Favorite Albums: Synchronicity

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I’ve been hearing a few Police songs on Sirius 1st Wave lately, and it got me thinking: I haven’t listened to their last album Synchronicity in a LONG time. It occurred to me that this was one of the early non-Beatles albums that I connected with from start to finish in the early 80s. [I’d say Rush’s Moving Pictures and Thomas Dolby’s The Golden Age of Wireless are two others from this era…I’d listened to full albums all the time, but very few of them contained a full album’s worth of tracks I completely loved.  That would change within a year or so.]

I remember Synchronicity coming out as there was an amazingly detailed push by the label, A&M, on MTV, including multiple versions of the album cover, as well as a four-minute long teaser that was played on the music channel:

Having become a somewhat passive fan of the band on the previous album (1981’s Ghost in the Machine and the many hits that got airplay on rock radio, I loved what I was hearing. And when it was released in June of 1983, one of my sisters bought it and I damn near wore it out playing it. I’d dubbed a copy of it for my own listening until I finally found a used vinyl copy a year or so later.

Of course everyone knows the lead-off single, “Every Breath You Take”, which still gets an amazing amount of airplay over thirty years later. I was more a fan of its b-side, “Murder By Numbers”, which was treated as a bonus track on the cassette and CD. I was also a fan of the second single, “Wrapped Around Your Finger”. It’s not often you hear a song that uses the phrase “trapped between the Scylla and Charibdys”. Nerdy stuff indeed.

But what I found myself really enjoying was the strange mix of album cuts, from the jazzy “Miss Gradenko”…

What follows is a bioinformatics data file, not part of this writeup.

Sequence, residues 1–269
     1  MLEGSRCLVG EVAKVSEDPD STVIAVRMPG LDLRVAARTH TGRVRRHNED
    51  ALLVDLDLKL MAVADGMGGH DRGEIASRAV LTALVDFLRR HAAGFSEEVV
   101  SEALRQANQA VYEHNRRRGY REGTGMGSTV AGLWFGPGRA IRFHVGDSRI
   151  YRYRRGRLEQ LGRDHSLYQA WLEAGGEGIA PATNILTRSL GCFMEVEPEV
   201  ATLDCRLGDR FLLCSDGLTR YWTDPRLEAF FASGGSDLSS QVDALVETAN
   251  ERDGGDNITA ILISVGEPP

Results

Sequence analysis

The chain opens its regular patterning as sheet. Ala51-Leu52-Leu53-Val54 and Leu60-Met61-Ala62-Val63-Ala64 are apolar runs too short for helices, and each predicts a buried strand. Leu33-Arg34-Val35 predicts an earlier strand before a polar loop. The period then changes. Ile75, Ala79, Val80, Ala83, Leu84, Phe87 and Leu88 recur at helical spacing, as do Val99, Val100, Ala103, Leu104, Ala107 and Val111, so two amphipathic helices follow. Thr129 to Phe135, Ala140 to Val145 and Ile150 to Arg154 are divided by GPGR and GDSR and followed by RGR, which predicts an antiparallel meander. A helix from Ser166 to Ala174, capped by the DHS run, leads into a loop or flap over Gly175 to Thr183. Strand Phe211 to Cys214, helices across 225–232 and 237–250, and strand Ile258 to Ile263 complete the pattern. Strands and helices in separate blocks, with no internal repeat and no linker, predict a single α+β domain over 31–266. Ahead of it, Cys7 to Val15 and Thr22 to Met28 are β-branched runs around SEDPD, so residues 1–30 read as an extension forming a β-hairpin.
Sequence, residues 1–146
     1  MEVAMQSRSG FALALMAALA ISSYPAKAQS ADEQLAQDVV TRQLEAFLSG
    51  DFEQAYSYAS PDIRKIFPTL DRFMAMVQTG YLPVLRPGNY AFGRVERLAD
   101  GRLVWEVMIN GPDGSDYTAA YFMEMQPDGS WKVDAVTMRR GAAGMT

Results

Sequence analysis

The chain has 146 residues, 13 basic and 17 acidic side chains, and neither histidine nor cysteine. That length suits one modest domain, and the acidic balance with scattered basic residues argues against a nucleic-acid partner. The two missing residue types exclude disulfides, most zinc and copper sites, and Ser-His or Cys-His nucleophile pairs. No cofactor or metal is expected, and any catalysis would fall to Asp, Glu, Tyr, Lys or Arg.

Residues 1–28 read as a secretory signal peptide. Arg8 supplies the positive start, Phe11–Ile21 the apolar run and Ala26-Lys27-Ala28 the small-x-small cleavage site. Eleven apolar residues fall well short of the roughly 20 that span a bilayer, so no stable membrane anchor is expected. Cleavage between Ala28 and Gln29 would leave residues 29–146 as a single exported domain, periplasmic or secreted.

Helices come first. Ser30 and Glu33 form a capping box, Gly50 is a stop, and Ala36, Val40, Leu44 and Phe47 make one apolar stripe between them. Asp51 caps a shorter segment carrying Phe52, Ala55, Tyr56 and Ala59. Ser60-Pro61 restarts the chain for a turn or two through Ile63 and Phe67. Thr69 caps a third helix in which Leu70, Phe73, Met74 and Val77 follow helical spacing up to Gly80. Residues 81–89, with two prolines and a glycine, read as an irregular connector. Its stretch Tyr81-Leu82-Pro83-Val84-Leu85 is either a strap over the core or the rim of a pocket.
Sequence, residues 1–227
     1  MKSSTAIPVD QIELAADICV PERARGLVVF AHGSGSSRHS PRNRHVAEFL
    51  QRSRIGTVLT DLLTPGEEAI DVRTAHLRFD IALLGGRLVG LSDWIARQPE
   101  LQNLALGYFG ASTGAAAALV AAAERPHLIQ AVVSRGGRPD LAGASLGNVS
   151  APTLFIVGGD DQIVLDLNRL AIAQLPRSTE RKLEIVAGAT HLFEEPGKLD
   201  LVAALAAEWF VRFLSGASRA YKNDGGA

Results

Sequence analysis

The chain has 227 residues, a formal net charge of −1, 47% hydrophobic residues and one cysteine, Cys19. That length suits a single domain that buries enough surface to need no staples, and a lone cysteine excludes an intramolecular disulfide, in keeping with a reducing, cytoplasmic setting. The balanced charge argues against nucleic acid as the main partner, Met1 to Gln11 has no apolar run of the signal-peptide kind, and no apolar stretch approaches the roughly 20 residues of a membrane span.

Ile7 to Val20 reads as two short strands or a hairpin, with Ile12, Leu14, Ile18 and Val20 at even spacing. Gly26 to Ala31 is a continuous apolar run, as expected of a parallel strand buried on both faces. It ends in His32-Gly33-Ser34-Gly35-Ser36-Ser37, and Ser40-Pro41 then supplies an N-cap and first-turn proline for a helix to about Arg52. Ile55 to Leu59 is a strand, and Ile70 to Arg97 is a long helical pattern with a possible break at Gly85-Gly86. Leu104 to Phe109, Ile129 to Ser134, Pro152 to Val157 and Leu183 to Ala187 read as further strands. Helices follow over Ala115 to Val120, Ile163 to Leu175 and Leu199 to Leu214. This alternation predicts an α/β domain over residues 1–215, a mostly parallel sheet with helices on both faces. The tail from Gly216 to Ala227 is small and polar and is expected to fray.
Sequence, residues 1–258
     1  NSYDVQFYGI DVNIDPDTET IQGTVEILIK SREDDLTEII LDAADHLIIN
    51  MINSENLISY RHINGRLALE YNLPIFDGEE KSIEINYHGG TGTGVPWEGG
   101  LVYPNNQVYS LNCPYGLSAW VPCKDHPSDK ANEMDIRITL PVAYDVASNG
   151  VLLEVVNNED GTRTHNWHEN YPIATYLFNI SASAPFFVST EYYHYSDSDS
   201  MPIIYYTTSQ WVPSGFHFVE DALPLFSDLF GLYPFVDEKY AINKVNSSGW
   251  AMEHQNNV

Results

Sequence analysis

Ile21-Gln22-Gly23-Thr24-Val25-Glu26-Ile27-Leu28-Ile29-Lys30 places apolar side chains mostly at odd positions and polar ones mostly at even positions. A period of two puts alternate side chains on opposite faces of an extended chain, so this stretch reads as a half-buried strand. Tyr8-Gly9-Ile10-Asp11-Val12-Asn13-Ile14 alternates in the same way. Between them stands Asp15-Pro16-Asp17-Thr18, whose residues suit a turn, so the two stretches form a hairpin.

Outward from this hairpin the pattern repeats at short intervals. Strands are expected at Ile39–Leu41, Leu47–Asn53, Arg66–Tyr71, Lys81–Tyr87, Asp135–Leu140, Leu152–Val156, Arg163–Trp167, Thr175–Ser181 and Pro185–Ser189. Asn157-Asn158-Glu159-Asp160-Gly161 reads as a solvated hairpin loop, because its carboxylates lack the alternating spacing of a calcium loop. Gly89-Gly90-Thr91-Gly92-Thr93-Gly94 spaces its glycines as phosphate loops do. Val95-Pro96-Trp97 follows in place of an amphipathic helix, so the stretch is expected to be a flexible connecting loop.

to the new wave weirdness of “Mother”…

…to the jittery opener “Synchronicity I”.

I was only twelve when it came out, but budding writer in me really liked the idea that the album was all about different kinds of philosophies, both religious and profane, and how often they were linked in one way or another. Sting’s uber-intellectual lyrics were tempered by some brilliant melodies that seemed to transcend anything they’d recorded before.

Of course, it was also their last album together before they broke up (acrimoniously due to clashing egos, of course), so they certainly went out with a bang. Each member went on to vastly different solo careers and though they’ve reconvened a few times for one reason or another, they’ve never released anything new since.

Out of all the Police albums I listen to, Synchronicity gets the most plays by far.  It’s the tightest, the wildest, and the most interesting in my opinion.  The others tend to have weak spots that lose my attention, but this one I’ll still listen to from start to finish.

 

WIS: Unexpected inspiration

The other day while reading Martin Aston’s book about the 4AD label, I came across a single sentence:

By 1985, American college radio had gathered momentum alongside the spurt in independent record labels, with the likes of [Clan of Xymox’s] “A Day” striking radio programmers as adventurous and commercial, and a modern, gleaming alternative to the guitar-centric homegrown scene spearheaded by bands such as REM, Sonic Youth and Hüsker Dü.

To be honest, I hadn’t been thinking of my Walk in Silence project lately, partly because I’d put it aside some time ago.  I didn’t trunk it, I just put it aside so I could focus on the Trilogy Edit and newer fiction.  I’d also gone through my projected timeline last summer on a personal level, if only to purge it from my writing brain for a while.

That personal version really wasn’t the original idea that I’d had.  I was thinking more along the lines of a chronological book about college rock.  The releases bracketing the story would be The Smiths’ third single, “What Difference Does It Make” (January 1984) and Nine Inch Nails’ Pretty Hate Machine (October 1989).

I could never quite figure out a way to solidify my idea that that was the golden era of college rock, before it became much more mainstream in 1991 with Nirvana and everyone else.  Until that one sentence.  It made sense to me, though…1984-85 was about the time that a lot of independent distributors and labels in the US, such as Relativity and Caroline, started licensing British bands that had only been available on expensive imports.  [Only Sire had any sizeable share in that field as a major label, having signed the Smiths, Depeche Mode, and others.]